Emergency Networks Warn Consumers About Internet Phones

HOUSTON (AP) -- Joyce John was upstairs at home after school one day when suddenly she heard gunshots and her parents screaming. Her mother, faced with two armed robbers, yelled for the 17-year-old to dial 911.

When she did, the teenager heard this message: ``Stop. You must dial 911 from another telephone. 911 is not available from this telephone line. No emergency personnel will be dispatched.''

John's parents were both bleeding from gunshot wounds by the time she realized the Internet phone service her family used did not offer 911 service. It took a frantic 10 minutes after the robbers fled the home for her to reach another phone _ at a neighbor's house.

The Greater Harris County 911 Emergency Network and other emergency networks across the nation want Federal Communication Commission regulation and changes to the Telecommunications Act that would require so-called Voice over the Internet Protocol providers to offer enhanced 911 to all users.

The FCC announced late last month that it would develop rules for VoIP. FCC Chairman Michael Powell said the FCC would make sure that public safety is protected, either by the industry as it develops the new technology or by the FCC.

Unlike traditional phone technology, VoIP converts the sound of a voice into small packets of data _ about 50 packets for every second of conversation _ scatters them across the Internet, and then reassembles them into sound on the other end of a call.

The VoIP service providers often can offer unlimited local and long-distance phone service to customers for less money than traditional telephone companies.

But emergency networks want consumers to be aware of the VoIP's limits. The services may prevent them from dialing 911 or transfer them to an administrative police line, which provides no information on the person's location or a callback number.

``If they are unconscious, or they are too hysterical to give location information, all we are going to have is an open line with someone screaming on the other end,'' said John Melcher, executive director of the Greater Harris County 911 Emergency Network. ``The onset of an emergency, especially a life-threatening emergency, is not a good time to find out whether or not your service provider gives you access to 911.''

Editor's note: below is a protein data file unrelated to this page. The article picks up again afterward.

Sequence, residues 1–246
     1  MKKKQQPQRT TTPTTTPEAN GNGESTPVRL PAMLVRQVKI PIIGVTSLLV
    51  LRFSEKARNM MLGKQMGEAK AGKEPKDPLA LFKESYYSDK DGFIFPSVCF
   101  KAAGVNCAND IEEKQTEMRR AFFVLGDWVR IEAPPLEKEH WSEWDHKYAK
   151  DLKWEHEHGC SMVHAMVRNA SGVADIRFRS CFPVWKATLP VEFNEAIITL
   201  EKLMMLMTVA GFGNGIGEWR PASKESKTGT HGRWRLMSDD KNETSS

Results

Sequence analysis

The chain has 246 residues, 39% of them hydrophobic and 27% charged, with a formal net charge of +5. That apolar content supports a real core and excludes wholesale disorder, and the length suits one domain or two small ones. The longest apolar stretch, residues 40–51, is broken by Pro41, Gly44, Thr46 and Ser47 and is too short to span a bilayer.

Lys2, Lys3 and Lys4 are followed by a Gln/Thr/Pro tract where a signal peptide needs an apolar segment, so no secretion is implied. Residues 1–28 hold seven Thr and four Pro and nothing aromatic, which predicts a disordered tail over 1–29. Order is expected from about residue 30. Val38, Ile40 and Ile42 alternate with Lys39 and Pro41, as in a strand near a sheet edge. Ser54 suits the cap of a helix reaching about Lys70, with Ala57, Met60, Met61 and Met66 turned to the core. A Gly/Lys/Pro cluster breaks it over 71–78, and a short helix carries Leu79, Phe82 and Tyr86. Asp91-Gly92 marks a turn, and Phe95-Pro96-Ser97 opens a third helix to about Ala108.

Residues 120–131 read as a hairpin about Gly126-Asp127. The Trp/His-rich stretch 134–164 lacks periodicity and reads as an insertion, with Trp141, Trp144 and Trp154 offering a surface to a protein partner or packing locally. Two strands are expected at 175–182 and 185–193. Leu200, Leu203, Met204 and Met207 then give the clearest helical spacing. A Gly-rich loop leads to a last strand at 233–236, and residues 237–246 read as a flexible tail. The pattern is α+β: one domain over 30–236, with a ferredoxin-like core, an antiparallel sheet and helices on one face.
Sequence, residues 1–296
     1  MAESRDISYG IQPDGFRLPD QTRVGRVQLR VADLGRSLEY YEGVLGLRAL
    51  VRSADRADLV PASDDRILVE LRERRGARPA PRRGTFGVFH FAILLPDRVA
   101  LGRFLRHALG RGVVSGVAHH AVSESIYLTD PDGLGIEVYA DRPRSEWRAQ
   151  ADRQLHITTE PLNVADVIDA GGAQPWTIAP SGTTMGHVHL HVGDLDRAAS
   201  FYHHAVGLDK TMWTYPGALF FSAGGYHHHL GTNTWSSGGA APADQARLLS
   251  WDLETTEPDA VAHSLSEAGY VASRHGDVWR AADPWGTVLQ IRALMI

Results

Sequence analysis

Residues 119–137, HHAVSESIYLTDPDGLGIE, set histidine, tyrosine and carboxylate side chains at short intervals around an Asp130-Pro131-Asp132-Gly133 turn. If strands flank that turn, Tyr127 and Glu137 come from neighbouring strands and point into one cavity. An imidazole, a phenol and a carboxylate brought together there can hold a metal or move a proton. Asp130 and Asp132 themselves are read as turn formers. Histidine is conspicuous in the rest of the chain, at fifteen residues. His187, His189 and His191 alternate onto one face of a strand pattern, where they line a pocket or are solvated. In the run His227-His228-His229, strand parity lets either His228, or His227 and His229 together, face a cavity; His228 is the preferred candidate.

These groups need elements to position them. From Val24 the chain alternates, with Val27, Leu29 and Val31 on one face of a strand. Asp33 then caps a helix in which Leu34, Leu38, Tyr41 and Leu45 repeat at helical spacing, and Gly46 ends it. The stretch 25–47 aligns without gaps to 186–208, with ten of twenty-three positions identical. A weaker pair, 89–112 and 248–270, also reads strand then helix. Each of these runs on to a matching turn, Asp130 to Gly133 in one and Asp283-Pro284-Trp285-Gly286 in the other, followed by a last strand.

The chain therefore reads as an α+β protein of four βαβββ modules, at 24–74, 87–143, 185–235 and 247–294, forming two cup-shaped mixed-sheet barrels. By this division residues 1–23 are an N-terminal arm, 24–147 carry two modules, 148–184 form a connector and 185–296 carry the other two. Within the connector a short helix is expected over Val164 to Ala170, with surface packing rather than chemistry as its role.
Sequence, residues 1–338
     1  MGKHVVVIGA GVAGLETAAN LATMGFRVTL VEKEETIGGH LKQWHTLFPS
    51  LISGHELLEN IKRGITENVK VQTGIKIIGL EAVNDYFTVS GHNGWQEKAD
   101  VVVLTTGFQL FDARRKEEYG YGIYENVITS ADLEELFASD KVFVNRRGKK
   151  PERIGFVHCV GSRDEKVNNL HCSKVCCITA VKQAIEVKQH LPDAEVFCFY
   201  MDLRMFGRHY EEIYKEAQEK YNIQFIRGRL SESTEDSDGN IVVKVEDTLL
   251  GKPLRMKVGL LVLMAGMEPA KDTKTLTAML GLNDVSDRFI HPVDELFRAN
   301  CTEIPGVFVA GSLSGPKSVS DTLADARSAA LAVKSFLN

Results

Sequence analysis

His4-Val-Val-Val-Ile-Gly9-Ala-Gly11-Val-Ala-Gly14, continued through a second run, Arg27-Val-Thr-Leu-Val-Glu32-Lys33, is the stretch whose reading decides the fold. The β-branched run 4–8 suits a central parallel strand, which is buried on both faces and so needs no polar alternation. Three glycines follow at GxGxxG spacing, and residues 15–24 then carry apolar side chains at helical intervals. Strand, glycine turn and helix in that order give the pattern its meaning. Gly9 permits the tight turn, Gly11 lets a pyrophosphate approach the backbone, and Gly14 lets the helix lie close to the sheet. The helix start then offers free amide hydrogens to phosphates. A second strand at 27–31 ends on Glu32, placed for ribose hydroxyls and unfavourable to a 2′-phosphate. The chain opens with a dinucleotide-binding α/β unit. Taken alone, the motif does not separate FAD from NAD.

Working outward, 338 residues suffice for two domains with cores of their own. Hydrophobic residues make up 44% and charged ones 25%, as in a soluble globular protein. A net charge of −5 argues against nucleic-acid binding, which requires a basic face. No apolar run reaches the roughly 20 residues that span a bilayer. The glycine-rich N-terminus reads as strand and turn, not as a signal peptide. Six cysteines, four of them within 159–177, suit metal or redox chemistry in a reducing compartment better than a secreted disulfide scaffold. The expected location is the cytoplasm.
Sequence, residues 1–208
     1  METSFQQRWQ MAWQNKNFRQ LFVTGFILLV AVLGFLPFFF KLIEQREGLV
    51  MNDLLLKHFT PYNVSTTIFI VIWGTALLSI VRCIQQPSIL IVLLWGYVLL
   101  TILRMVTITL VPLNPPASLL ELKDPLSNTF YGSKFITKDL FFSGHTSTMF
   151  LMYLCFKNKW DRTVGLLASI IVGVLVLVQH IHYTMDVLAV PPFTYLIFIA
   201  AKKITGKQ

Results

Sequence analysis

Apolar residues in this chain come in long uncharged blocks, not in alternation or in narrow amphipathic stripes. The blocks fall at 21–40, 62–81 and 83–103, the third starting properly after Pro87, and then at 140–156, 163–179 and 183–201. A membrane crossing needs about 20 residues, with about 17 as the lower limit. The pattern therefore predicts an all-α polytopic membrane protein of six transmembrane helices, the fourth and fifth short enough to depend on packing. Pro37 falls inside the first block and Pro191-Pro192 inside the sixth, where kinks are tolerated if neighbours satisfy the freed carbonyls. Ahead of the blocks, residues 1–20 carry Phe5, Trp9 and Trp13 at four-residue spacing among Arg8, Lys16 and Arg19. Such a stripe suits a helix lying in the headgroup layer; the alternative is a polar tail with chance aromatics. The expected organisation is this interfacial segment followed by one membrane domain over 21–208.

Fort Worth officials have launched a similar campaign to educate consumers.

Brooke Schulz, spokesman for VoIP provider Vonage Holdings Corp., said the company has been working to provide enhanced 911 to its 500,000 customers for the past two years. So far, the company has only been successful in providing enhanced 911 service in Rhode Island because of hurdles it has run into with getting access to 911 through traditional phone companies.

Vonage provides traditional 911 service to customers who must provide an address of where the VoIP phone will be kept and must activate the service.

``We all want to get to the same place,'' Schulz said. ``There just seems to be some disconnect as to how we get there and how we get there quickly.''

Melcher says it is important that VoIP providers offer enhanced 911 because the service routes calls to the proper agency, makes the call a priority and provides location and callback details.

Peter John said his daughter was hysterical after the robbery and didn't see a nearby cell phone.

``Not only was medical response delayed because Joyce had to run to a neighbor's phone to place a call that got service, but the assailants are still on the loose today,'' Melcher said of the Feb. 2 robbery. ``Had Joyce's call gotten through to 911 at that crucial moment, who is to say that those assailants would not have been captured.''

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